My first thought when playing a new game I don’t know much about, is what else it reminds me of. Access Denied instantly conjures up memories of the multiplayer hoot that is “Keep Talking and Nobody Explodes”. In that game you have to work together to disarm a bomb. One player uses a physical instruction manual for direction on how to do this, as the other inputs the commands on screen. The look and feel of Access Denied has a lot in common with that game, but do the similarities only run skin deep? Let’s find out, as we access all areas.
Put simply, Access Denied is a puzzle game where you have to figure out how to open each container by using the many switches and dials on the outside faces. You’ll be dealing with binary flip switches, dials, circuits and tiles, amongst others, that will all need to be manipulated in the right way to proceed. The sad thing here, is that you never get to see what’s inside, so when you solve the puzzle in front of you, you still don’t gain access, which somewhat detracts from the satisfaction of solving a puzzle in the first place. Even a token box opening sequence would have made the efforts feel more worthwhile.
Now, just to be absolutely clear, this game falls squarely in the “no frills” category of gaming. You’re thrown straight in with no help or hints, but you’ll get to skip the puzzle if you get stuck for long enough. If you don’t like puzzlers, this certainly is not the game for you. However, if brain teasers are your bag, there’s a decent variation that should hold your interest. See, Access Denied has 36 puzzles to solve in total. And these vary quite randomly in difficulty. There’s no definable curve after the first couple – some will be easy whereas others will have you scratching your head trying to figure out exactly what you have to do. Depending on how good your memory is, you might also want to bring a pen and paper along for the ride, as some of the puzzles can get fairly complex.
In terms of how you control the action, the right thumbstick (or LB and RB) rotates the puzzle container and the left thumbstick moves your cursor. This scrolls your cursor around like a mouse would, however joysticks make things fiddly with some of the smaller switches. It’s a minor but noticeable annoyance, and I couldn’t help thinking that Access Denied would probably work so much better on PC or Switch. Maybe Ratalaika Games could have done something differently for Xbox here. When you do interact successfully, your cursor will shrink and go green, then you can hit A to use buttons and switches. The X/Y buttons are used to zoom in and out. That’s all there is to it. Simple.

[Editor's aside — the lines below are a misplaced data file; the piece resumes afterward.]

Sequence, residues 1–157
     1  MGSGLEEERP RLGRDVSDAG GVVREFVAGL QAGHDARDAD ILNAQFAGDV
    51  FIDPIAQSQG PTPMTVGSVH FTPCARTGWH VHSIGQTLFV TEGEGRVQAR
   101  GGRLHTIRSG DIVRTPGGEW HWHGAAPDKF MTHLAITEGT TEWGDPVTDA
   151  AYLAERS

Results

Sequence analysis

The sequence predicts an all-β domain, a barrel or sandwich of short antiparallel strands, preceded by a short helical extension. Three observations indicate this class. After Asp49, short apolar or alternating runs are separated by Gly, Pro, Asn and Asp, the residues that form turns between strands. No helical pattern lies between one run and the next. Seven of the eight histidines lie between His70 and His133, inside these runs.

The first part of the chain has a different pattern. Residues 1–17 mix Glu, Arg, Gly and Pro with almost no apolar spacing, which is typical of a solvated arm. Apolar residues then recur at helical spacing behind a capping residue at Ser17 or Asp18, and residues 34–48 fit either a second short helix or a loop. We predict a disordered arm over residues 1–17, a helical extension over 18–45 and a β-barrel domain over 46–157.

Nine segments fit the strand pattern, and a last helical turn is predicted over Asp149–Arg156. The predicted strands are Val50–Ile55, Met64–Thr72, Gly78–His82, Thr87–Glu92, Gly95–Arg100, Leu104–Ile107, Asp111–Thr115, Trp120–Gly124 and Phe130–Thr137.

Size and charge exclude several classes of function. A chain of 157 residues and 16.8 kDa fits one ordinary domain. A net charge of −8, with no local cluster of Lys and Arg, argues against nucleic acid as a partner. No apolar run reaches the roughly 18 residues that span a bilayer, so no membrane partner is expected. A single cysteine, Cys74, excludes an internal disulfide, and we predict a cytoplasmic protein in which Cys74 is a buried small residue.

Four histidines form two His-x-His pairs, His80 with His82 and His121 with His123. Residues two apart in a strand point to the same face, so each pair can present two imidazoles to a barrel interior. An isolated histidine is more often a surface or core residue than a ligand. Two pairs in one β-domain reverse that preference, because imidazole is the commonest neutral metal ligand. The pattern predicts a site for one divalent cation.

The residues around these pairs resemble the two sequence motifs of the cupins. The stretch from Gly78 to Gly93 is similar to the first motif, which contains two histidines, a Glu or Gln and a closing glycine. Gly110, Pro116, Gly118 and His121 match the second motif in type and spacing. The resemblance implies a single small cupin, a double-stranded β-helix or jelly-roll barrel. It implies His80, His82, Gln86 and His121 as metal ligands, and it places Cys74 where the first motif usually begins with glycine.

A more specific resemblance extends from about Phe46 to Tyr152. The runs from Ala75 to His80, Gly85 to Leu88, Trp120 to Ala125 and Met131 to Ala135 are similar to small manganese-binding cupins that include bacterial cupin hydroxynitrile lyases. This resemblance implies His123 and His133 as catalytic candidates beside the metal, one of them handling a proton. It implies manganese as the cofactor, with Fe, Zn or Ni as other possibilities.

There are a whopping 1000 Gamerscore up for grabs in Access Denied on Xbox One, which is great for such a short title. I was awarded 80G as I was making notes for this review, simply because I spent longer than three minutes on a puzzle. I was expecting rewards for solving them quickly, but there are no achievements that encourage you to do this. Rather spookily, there is no music to accompany the action either, just the sound of rainfall. To me, this seems an odd choice. Some tense music, the opportunity to earn gamerpoints for a speedy solve time and a time limit on the puzzle itself could have really dialled up the tension. Instead, things end up as a mildly entertaining, if not pedestrian, experience.
It is important at this point to mention that Access Denied only costs £4.99 on the Xbox Store. However, I can’t help but feel it would have been more at home as a mobile game or on Switch with touch screen controls, rather than as a full console release which seems too ambitious for what the game is. The low price point does go some way to forgiving some of its shortcomings, such as longevity, but it isn’t the “get out of jail free” card some may have been hoping for.
Access Denied is a short, simple and straight up puzzler. It’s a pretty dry game aimed directly at its target audience, something which may instantly turn some players off. However, for all that, there is enjoyment to be had for the die hard puzzle enthusiasts out there.